104. Culture and Political Structure of Los Angeles. (4) Lecture, three hours; outside study, nine hours. Exploration of two pieces of the puzzle in modern urban life: the different communities that live here (and in most other major cities) and political structure that binds us all together. Who are the communities living here? How do they organize themselves and develop leaders? How does integration into mainstream take place? What is “mainstream” today? How does political structure help or impede the notion of a united city? Letter grading.

105. Leadership in Public Interest. (4) Lecture, three hours. Examination of prevail- ing models, theories, and practices of leader- ship in public settings and application of them through case studies, films, and situational articles. Participation in group projects and discussions designed to improve understand- ing of role of leadership in mobilizing people groups to do difficult work. Introduction to literature and theory on leadership, examina- tion of leadership and group dynamics, and challenge of leadership in times of stress and change. Letter grading.

C112. Controversies in Education Policy. (4) Lecture, three hours; outside study, nine hours. Focus on several controversial topics in contemporary education. Topics vary each year and include multiculturalism, affirmative action, “test score gap,” bilingual education, and school choice. Introduction to major arguments for and against several important education policies and to encourage students to critically evaluate logic and evidence behind these policies. Concurrently scheduled with course C225. Letter grading.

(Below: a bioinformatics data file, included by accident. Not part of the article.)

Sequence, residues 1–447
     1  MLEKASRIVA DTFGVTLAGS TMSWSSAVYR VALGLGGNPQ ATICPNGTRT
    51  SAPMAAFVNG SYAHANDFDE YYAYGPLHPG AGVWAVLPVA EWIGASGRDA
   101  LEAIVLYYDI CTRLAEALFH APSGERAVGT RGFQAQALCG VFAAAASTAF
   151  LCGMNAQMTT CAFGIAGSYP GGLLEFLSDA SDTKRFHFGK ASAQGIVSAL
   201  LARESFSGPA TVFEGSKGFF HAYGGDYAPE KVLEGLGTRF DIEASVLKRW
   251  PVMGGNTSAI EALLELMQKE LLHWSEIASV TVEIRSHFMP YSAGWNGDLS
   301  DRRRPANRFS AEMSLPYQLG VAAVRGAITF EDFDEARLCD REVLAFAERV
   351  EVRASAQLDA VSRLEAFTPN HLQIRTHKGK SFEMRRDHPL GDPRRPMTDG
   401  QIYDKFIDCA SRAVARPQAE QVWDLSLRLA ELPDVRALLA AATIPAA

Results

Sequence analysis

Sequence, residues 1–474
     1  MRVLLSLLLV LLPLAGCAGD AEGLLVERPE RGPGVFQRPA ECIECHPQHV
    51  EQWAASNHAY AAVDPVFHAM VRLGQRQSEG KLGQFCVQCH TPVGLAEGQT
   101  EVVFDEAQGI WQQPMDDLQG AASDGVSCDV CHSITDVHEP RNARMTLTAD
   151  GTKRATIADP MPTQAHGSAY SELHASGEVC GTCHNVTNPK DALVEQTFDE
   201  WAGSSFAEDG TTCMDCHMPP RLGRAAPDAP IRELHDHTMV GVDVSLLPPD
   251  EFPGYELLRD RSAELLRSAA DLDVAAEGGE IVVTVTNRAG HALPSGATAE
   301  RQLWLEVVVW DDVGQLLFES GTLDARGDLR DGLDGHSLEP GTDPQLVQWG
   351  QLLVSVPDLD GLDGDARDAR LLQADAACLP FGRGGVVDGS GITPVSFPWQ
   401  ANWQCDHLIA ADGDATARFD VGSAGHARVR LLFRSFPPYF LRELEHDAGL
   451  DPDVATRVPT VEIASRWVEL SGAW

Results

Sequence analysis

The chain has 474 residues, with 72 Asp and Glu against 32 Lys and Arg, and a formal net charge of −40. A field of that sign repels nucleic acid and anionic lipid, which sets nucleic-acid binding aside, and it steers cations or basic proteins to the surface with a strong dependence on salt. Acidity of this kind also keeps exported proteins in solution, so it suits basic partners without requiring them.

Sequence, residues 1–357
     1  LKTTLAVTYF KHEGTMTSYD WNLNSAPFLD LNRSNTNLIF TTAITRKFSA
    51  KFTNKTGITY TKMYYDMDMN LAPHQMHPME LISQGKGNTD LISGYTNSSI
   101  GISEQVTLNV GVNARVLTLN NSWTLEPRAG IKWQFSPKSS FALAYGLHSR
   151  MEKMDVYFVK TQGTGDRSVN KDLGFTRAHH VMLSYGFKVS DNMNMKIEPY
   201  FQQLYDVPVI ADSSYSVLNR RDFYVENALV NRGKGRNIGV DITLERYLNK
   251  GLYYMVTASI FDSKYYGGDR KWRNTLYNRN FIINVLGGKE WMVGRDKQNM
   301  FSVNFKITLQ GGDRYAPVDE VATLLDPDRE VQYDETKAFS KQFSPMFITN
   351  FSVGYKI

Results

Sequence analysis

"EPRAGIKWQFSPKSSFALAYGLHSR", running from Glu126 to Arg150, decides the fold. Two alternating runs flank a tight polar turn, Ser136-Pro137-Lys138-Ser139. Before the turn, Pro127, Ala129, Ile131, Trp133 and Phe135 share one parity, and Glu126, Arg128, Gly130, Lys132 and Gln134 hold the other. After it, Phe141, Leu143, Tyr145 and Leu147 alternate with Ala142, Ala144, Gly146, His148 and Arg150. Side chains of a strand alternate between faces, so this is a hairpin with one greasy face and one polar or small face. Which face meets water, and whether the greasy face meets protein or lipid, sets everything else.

C115. Environmental and Resource Eco- nomics and Policy. (4) Lecture, three hours. Requisites: Economics 11, 143. Survey of ways economics is used to define, analyze, and resolve problems of environmental management. Overview of analytical questions addressed by environmental economists which bear on public policies. Concurrently scheduled with course CM250. Letter grading.

M116. Nuclear Weapons: Critical Decisions. (4) (Same as Environment M165, Honors Colle- gium M119, and Political Science M139B.) Lecture, three hours. Examination of critical decisions regarding nuclear weapons, starting with President Roosevelt’s decision to build atomic bomb and ending with current policies on containing nuclear proliferation and on avoiding nuclear catastrophe. Letter grading.

C117. Crisis Decision Making in U.S. Foreign Policy. (4) Lecture, three hours; outside study, nine hours. Recommended requisites: Political Science 120, 137A, 137B. In-depth look at theory and practice of U.S. foreign policy-making. Assessment of competing theories of international relations and application to specific case studies. Weekly role plays of foreign policymakers and final crisis simulation exercise. Concurrently scheduled with course C272. Letter grading.